Understanding sound wave propagation through a curved shell geometry is essential for a wide variety of underwater applications. The objective of this study was to use physics-based modeling (PBM) to investigate wave propagations through curved shells that are subjected to acoustic excitation. An improved understanding of the absorption and reflection properties of materials, such as fiber-reinforced polymer (FRP) composites, will enhance the design methods for a variety of Navy products such as acoustic sensors, acoustic windows, and unmanned underwater vehicles.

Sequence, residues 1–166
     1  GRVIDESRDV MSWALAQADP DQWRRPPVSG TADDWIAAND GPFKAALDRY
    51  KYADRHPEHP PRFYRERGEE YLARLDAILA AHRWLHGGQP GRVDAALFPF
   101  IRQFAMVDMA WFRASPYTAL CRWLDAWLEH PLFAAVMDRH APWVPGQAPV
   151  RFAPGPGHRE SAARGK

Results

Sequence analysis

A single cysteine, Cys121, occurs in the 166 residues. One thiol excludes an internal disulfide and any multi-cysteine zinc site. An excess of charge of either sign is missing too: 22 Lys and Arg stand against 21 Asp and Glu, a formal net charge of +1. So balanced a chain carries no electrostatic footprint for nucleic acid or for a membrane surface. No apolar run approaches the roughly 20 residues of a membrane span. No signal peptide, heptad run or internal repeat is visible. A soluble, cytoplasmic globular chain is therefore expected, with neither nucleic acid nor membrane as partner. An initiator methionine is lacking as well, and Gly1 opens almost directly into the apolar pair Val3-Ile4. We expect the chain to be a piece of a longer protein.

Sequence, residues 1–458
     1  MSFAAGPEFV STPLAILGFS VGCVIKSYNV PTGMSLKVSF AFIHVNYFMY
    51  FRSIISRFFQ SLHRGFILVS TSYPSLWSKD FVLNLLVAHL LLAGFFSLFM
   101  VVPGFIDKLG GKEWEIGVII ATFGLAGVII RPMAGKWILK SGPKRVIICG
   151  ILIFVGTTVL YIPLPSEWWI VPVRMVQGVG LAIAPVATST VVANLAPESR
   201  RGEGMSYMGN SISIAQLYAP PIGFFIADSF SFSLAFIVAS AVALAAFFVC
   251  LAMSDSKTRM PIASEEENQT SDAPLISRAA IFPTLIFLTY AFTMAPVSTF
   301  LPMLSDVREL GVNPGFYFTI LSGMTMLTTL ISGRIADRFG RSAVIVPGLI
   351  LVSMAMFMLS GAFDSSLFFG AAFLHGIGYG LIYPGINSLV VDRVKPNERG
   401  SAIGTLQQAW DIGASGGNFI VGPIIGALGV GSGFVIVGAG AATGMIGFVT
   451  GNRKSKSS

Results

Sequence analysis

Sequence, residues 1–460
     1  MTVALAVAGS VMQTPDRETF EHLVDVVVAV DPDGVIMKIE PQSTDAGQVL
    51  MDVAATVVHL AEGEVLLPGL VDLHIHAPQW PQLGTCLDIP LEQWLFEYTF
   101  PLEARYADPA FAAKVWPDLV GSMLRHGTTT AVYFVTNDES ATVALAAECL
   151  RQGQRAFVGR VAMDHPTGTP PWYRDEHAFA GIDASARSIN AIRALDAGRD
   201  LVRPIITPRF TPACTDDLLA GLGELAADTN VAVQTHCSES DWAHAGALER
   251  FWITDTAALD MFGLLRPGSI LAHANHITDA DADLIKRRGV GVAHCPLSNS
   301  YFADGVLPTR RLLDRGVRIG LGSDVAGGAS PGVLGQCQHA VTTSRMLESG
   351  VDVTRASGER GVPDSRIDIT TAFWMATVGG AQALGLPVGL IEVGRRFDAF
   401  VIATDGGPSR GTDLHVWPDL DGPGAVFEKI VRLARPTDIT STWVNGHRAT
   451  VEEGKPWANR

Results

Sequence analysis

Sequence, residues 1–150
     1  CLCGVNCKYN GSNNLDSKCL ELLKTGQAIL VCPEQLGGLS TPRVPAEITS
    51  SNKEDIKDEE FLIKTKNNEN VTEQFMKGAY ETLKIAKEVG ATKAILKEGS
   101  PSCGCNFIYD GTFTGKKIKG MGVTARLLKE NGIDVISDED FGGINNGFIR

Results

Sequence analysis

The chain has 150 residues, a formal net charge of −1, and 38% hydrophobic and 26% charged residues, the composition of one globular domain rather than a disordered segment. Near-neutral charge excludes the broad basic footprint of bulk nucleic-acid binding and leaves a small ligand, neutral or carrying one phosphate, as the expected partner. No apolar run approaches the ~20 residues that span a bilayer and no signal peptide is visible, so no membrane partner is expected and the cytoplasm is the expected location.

The research documented in this report investigates the reflection and transmission coefficients of both flat plates and curved shells for steel and composite materials. Results show that the finite element computational models accurately match analytical calculations, and that the composite material studied in this report has more desirable reflection and absorption properties than steel for typical Navy applications. This research also explores the use of coupled Eulerian-Lagrangian (CEL) and smoothed particle hydrodynamics (SPH) modeling approaches in place of the current, traditional Lagrangian approach. Unfortunately, these approaches were found to be unsuitable for the type of acoustic analyses performed throughout this research. However, results from the traditional Lagrangian approach confirmed the validity of current modeling techniques and allowed for the study of the acoustic properties of various geometries and materials. This can help drive future research on composite material applications and enhance design methods for future Navy products.

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